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What's For Dinner?

Author : Connie H. Deutsch   Top Author

Many years ago, I went with a friend to one of my favorite restaurants and discovered that there were two new owners. This popular restaurant had been in business for more than twenty years and I had been bringing people to it for more than ten years. I never had to worry about the quality of the food; it was always excellent. During all those years, it was a favorite of local people as well as tourists who had heard of it and wanted to try it.

When we came in, we were seated immediately and the new owner came over and introduced himself. Then he sat down next to me and proceeded to tell me that he and his partner were both chefs. They had invested their life savings and they were going to do things differently than the previous owners. Not a good sign. The other owners were first-rate; they had elevated their food and their customer service to an art-form.

The first thing that this chef-cum-owner said was going to change was that they were not going to be serving the same large portions as the previous owners. They didn't want people taking home doggy bags; they wanted them to finish the food on their plates with nothing left over. Considering the prices, I thought the new owners were making an egregious mistake.

Customers had always looked forward to having some of their delicious dinner for the next day's lunch and maybe that's why they didn't mind paying those high prices. I noticed that the prices on the menu didn't change under the new ownership, just the size of the portions got a lot smaller.

I ordered a salad and swordfish and told the owner that I didn't care if the swordfish was small as long as it was thick. That didn't happen. The portion was small and thin and no thicker than 1/4" if even that much. The salad consisted of a few wilted leaves of lettuce that didn't look appetizing. And to add insult to injury, the fish was not fresh.

When the owner came over to ask us how we were enjoying our meal, I showed him the wilted leaves; he didn't offer to give me another salad. I told him the fish wasn't fresh and they brought me another piece of stale fish that wasn't edible. They didn't have to worry about people taking home doggy bags. I wouldn't have taken home a doggy bag from that meal even if it had been offered.

You can do most things and get away with them in a good restaurant but stale fish is not one of them. And a few leaves of wilted lettuce doesn't make you want to take home leftovers or ever come back again. My friend's dinner went the same way. It was an expensive disappointment and when we were walking out the door I told my friend that they would soon be out of business. It took them three months from the day the opened their doors until the day they closed their doors permanently and I wasn't sorry to see them go.

My other memorable experience was this past year. I had been to a restaurant with other people and our meal was excellent so I decided to go back. The head waiter said that this new waiter was under his tutelage and would be taking care of me. He watched the new waiter bring over my water and bread and take my order. Then they both walked away.

My meal was served by someone else and I never saw the waitstaff again until I signaled that I wanted my check.

At that point, the head waiter and his assistant came to my table with the check and the head waiter asked me how everything was. I told him that the food was very good but the service was not. He asked what was wrong with the service and I told him that not once did anyone come over to ask me if I wanted anything else and this is the first time that I was seeing the waiter.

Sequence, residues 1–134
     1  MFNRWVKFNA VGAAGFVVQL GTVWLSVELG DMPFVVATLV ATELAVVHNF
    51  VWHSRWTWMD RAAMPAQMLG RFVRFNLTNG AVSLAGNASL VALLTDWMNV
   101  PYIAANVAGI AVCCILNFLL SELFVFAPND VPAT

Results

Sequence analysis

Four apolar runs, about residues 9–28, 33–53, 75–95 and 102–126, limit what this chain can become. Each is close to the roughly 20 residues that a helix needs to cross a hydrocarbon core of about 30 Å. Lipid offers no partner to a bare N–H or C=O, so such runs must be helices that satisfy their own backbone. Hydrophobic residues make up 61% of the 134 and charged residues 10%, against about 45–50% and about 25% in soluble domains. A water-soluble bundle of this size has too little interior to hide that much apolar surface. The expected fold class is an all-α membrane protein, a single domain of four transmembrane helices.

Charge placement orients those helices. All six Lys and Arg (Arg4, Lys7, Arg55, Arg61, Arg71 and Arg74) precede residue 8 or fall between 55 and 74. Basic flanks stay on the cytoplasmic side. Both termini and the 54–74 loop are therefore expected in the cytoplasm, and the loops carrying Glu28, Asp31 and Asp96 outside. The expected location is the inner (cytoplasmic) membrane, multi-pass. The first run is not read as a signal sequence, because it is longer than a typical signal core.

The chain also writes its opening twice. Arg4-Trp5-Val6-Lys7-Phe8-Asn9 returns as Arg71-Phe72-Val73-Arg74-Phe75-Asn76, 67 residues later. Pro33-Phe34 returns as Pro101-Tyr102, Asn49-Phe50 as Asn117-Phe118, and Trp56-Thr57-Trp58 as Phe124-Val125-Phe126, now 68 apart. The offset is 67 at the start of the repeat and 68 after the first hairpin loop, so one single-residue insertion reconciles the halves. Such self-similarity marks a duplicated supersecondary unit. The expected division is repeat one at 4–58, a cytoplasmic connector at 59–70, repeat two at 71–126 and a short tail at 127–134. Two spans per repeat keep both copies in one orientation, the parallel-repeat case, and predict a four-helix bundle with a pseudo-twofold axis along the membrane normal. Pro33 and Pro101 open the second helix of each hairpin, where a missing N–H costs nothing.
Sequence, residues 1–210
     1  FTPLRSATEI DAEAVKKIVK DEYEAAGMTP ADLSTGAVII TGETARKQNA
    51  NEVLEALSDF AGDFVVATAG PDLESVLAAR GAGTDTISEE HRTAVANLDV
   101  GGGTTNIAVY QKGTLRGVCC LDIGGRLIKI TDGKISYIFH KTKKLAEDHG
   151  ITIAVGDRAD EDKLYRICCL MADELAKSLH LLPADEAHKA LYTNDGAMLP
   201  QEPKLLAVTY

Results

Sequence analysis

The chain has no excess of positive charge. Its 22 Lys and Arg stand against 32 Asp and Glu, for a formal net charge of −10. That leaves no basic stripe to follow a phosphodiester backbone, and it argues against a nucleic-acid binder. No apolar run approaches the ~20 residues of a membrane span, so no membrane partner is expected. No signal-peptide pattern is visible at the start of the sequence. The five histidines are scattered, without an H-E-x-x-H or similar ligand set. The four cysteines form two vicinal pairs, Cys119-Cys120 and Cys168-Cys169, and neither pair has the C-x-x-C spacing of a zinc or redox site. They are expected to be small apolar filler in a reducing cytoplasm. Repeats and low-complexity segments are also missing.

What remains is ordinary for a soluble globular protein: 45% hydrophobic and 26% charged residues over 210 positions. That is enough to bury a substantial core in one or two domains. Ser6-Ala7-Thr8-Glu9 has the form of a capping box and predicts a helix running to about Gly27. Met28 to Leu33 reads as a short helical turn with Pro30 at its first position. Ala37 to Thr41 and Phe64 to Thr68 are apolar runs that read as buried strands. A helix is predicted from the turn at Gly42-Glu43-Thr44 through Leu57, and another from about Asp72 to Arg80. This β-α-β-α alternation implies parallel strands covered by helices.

Tonight at dinner, I learned that this restaurant went out of business. Not surprising.

I think the most amazing thing about those experiences is that the people who work in restaurants or who own them, have no idea that if they want to stay in business they need to learn what customer service is all about. In my city we are surrounded by a large assortment of all kinds of restaurants, with prices ranging from very inexpensive to very pricey and competition is fierce.

If either of those two restaurants were smart enough to worry about customer retention they would have offered to either comp me for the meal, or discounted the meal, or given me a coupon for a discounted or free meal the next time I came in, or offered to give me a dessert or a beverage at no charge for this meal. Any one of those options might have compensated for the bad food in one and the bad service in the other.

I hate to see people or businesses fail but these two restaurants deserved to fail. Nowhere is customer service more on display or more noticeable than in a restaurant and if you want to stay in business you better learn how to provide it.

And on that note . . . Bon Appétit.

Author's Resource Box

Connie H. Deutsch is an internationally known business consultant and personal advisor who has a keen understanding of human nature and is a natural problem-solver. She has counseled people who have OCD for more than 40 years,

Connie is the author of the books, “Round and Round Goes the Merry-Go-Round: Drugless Therapy for OCD (Obsessive-Compulsive Disorder)” “Whispers of the Soul,” “A Slice of Life,” “Whispers of the Soul for the Rest of Your Life,” “From Where Im Sitting,” “Are You Listening?,” “View from the Sidelines,” “Reaching for the Brass Ring of Life,” “Purple Days and Starry Nights,” “Here and There,” “And Thats How it Goes,” and “The Counseling Effect.” Her website:
See more of her articles by clicking here ConnieHDeutsch Articles

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Tags:   restaurants, customer service, food, waitstaff, business

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Submitted : 2012-05-18    Word Count : 913    Times Viewed: 960